Have I mentioned lately how much I love my husband? Well, watch out, ’cause it’s about to get gooey in here.
Friday evening we got together with some of Hubby’s former PhD cohorts at a local eatery across the street from their alma mater. Of these friends, four are married (only two of them to each other) and have at least one kid. One of them is seven months pregnant, and she and her husband also had their four-year-old daughter with them. Guess what topic dominated the conversation.
Hubby displaced the four-year-old’s dad so he could sit across from her. He asked about her stuffed monkey, and when her mom suggested she name it [Hubby’s name], he said “Ooh, yeah, I like bananas, too.” He encouraged her to pull on his hand as hard as she could and feigned falling over the table in pain, proclaiming she was so strong! He made a telescope with his hands and peeked at her through it, which made her giggle.
I love seeing Hubby around kids, but it makes me sad, too. Because I know he’ll be a great dad if we ever get there.
I didn’t point out until later, when we saw them in the parking lot, that there were also month-old twin girls with the family sitting behind us. Hubby was too busy entertaining the preschooler, but I noticed the twins right away and got a bad case of the baby-crazies. Every time one of them cried, I fought the urge to turn around, but I could picture their parents holding them. I could hear mom or dad’s voice, softly comforting baby girl, and it broke my heart a little that I still feel so far away from being in their shoes. From being able to cuddle my own child or to watch Hubby do the same.
The fact that they were twins didn’t help. Hubby has this dream of having at least one set of twin girls (despite my reminders that he doesn’t really get to choose, and it’s my body that has to carry them safely for nine months, so maybe we should try to stick to one at a time). Even better, he’d love to have triplets. He filled out a questionnaire recently, as part of a study that looks at the beliefs and values of people in his particular field, and one of the questions was, “If you could only have one child, which gender would you prefer?” Hubby’s answer? A girl, of course.
He’s great with his nephews, too. He’s so silly and uninhibited, exactly the way you should be with young children–you know, when you’re the uncle and don’t have to enforce the rules. Not that you can’t do both as a parent. It’s just, when they’re not your kids, you get all the fun without the responsibility.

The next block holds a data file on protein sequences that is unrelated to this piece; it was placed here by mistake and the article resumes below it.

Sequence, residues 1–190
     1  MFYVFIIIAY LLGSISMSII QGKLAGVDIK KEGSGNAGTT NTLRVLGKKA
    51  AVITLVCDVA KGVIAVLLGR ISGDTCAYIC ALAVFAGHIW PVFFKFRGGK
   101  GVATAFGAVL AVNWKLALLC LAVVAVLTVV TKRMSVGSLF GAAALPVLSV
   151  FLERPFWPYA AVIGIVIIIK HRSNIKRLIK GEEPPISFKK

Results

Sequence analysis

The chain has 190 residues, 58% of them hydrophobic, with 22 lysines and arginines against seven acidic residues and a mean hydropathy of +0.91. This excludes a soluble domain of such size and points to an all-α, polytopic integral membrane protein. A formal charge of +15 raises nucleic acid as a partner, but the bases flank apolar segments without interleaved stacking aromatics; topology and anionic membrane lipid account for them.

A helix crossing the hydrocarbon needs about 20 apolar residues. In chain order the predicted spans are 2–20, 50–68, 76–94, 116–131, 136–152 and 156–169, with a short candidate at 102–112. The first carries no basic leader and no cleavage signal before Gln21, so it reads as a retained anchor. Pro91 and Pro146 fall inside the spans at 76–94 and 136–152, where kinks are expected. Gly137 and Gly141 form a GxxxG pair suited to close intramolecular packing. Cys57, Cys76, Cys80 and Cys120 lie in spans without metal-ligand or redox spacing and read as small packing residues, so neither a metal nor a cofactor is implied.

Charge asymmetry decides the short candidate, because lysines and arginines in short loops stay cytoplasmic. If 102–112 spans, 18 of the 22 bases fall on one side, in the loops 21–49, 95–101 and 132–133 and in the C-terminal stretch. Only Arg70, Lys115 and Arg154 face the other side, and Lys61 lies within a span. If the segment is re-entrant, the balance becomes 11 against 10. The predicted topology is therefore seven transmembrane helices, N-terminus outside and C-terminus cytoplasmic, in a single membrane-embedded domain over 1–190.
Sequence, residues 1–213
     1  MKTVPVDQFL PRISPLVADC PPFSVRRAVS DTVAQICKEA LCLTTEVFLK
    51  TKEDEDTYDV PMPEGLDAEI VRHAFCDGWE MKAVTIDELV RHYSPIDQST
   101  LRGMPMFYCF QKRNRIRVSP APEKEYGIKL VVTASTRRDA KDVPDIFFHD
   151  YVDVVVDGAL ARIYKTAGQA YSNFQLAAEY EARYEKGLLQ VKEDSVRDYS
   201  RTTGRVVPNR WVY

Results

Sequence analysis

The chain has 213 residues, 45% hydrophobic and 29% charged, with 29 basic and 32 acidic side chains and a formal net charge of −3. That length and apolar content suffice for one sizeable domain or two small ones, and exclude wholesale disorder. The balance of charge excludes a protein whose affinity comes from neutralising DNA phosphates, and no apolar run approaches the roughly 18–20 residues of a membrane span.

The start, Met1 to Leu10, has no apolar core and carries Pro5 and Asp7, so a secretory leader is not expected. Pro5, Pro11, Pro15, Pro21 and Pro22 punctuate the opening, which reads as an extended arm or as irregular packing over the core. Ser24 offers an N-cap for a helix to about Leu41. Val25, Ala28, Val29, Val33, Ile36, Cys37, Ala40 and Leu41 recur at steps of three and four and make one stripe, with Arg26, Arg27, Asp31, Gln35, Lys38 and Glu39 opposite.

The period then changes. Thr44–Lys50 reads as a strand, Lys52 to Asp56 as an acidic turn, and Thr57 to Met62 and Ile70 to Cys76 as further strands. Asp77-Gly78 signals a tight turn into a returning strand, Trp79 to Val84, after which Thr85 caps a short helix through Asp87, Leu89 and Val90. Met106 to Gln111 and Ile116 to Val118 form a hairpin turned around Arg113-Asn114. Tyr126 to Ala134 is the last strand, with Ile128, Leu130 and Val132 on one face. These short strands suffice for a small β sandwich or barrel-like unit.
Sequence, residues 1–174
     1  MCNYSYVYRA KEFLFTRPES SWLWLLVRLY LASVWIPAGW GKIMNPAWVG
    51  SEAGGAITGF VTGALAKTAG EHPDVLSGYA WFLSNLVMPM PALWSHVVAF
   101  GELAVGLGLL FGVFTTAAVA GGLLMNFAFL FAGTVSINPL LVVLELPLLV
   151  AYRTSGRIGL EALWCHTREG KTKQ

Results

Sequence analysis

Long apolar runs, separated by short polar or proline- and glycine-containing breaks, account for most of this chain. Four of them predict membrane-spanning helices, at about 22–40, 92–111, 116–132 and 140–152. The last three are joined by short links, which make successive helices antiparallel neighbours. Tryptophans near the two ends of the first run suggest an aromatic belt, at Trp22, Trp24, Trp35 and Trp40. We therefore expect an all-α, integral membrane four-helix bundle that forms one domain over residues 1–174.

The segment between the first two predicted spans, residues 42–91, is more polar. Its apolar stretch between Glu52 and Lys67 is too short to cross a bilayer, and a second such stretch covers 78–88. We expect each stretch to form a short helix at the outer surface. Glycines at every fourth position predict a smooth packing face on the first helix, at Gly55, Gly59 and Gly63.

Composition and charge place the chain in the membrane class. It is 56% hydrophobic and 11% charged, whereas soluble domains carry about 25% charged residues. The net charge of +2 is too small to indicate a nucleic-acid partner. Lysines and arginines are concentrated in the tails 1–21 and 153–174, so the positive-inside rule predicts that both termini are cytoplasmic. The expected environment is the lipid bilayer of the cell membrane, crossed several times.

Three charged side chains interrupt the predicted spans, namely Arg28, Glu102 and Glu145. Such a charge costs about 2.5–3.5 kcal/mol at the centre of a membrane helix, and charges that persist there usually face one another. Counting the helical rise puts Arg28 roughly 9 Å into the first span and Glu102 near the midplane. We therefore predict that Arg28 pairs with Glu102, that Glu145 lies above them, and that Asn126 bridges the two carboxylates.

But I look forward to teaching our kids to be respectful, independent, productive members of society as much as I look forward to rolling around on the floor with them or playing dress-up. And I know Hubby will be great at that, too. If we ever get the chance. He wants to encourage critical thinking and teach our children to be little scientists, like him.
He has always promised that we will have our family, whatever it takes to get us there. We talk about adopting children from China or Africa, or both. We watched the movie Win Win and discussed the pros and cons of adopting a much older child. And of course, with IVF looming, he gets super-excited about the possiblity of multiples. But none of these things is our reality yet.
This Father’s Day, I called my dad, who was spending the day with my sister and niece (and yes, I was a tad bit jealous). I saw my brother-in-law in person, as he and my oldest sister were passing through on their way to visit their son and his family, and wished him a happy day.
And for the first time ever, I gave Hubby a card to express that what I see in him now are the qualities that will make him a great dad. And how much I want that to happen for both of us. When I gave it to him, he told me I was “so cute,” and held me tight and told me he loved me. Next year, I hope it will be a three-way hug.